The world’s first film poster is up for auction

By Sherna Noah, Press Association Senior Entertainment Correspondent
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The world’s first film poster is up for auction

The poster promoted the Lumiere brothers’ short films.

The world’s first film poster is going under the hammer.

Printed and pasted on walls in Paris, the poster promoted the Lumiere brothers’ short films, a series of one-minute glimpses into everyday life.

Scenes, including a train pulling into a station, workers leaving a factory, a gardener and bathers in the sea, were projected on to a white canvas resembling a bed sheet at the world’s first cinema event.

The world’s first film poster is going under the hammer (Sotheby’s)

The poster was created following the film’s opening night at the basement of the Grand Cafe in Paris, which was initially a “humble occasion”.

An audience of less than 30 attended on December 28 1895.

They were said to be “bewildered”, “amazed” and even “terrified” by what they saw, with some suspecting witchcraft and trickery.

A woman uttered a shriek of terror at seeing the images, according to a journal from the time.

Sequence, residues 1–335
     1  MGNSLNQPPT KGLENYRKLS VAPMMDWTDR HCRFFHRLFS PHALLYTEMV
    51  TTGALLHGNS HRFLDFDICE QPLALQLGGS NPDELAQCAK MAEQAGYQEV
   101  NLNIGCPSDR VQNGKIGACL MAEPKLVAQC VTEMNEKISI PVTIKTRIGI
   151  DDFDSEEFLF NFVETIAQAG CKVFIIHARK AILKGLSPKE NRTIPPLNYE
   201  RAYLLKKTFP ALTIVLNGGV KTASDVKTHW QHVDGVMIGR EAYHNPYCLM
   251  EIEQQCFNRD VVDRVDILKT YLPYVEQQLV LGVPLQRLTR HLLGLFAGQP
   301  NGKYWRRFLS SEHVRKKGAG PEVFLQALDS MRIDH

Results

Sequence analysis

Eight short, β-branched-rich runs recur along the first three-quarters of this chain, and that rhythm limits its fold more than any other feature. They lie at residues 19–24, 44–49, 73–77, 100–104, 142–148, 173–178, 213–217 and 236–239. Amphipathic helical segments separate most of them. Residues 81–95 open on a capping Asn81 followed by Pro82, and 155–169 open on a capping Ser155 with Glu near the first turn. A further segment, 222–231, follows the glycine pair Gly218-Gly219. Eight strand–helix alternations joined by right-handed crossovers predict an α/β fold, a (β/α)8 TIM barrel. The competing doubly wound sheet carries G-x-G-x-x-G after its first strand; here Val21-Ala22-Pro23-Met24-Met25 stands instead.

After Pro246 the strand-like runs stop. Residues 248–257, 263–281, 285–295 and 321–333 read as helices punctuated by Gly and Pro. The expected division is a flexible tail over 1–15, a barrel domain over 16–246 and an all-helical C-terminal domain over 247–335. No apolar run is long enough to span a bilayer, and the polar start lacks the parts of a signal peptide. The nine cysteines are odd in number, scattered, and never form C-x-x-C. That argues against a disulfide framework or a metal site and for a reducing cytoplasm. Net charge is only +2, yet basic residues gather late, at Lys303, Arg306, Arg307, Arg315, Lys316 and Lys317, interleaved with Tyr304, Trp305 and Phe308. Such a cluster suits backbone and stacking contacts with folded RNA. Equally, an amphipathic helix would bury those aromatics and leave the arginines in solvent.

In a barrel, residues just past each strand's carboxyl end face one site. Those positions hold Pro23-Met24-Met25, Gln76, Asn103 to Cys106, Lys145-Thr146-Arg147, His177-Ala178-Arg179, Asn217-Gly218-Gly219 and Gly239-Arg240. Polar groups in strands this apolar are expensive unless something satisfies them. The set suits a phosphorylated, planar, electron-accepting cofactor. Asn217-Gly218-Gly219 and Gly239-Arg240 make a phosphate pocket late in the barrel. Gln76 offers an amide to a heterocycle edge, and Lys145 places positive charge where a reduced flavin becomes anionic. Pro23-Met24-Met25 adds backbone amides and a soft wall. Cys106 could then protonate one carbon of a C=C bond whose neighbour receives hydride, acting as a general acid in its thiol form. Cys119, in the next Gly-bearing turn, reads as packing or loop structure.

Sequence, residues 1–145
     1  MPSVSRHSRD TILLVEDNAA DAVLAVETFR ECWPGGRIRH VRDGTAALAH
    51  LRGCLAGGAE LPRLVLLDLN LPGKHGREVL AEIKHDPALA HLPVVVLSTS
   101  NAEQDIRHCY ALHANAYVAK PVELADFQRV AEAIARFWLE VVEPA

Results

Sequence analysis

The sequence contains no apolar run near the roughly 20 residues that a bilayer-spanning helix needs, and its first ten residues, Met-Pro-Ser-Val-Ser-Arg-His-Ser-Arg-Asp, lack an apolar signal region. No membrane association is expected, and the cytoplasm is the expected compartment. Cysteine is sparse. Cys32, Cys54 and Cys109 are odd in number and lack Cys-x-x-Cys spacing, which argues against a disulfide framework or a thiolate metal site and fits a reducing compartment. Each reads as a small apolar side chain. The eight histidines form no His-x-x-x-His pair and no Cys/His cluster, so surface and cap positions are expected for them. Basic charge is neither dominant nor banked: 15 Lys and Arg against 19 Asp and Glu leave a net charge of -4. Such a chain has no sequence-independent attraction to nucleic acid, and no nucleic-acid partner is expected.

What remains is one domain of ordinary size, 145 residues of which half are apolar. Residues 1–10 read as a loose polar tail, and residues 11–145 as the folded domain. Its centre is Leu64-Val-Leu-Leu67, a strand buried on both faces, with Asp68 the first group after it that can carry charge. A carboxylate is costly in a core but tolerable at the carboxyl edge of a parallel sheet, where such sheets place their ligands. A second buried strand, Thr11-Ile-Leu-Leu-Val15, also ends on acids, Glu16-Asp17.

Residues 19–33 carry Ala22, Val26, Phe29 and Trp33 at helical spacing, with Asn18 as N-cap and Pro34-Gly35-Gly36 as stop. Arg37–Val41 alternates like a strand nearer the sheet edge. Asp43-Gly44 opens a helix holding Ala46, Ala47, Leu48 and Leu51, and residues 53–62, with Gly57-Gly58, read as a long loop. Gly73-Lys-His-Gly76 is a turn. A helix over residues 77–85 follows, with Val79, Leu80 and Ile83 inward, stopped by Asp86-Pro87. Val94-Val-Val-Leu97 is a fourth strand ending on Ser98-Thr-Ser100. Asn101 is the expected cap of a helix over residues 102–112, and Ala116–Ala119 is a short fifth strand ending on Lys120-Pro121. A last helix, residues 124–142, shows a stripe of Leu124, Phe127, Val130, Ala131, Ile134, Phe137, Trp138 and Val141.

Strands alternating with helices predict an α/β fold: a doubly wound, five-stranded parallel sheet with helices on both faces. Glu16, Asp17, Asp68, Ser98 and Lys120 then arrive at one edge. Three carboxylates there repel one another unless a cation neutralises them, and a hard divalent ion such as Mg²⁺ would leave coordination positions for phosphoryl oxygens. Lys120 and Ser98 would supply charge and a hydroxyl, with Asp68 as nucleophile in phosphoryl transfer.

But experts at Sotheby’s, which is selling the poster, say the 20-minute event “changed the world”, “marking the public beginning of one of the most important cultural, artistic and social phenomena of the 20th century.”

After the first night caused a sensation, thousands flocked to the later screenings and within a few months, Lumiere cinemas had opened in all major international cities.

Screenings were also held for most heads of state, kings, queens and even the tsar of Russia.

Designed by French artist Henri Brispot, the poster depicts a throng of people waiting to enter the first night.

It is expected to fetch between £40,000 and £60,000 at auction.

A King Kong poster previously sold for £42,000 (Sotheby’s)

Sotheby’s previously achieved its highest price for a film poster, with King Kong, which smashed its estimate when it sold at £42,000.

The item, which has been in a private French collection for over 40 years, is on display in Sotheby’s galleries and will be offered online between August 28 and September 4.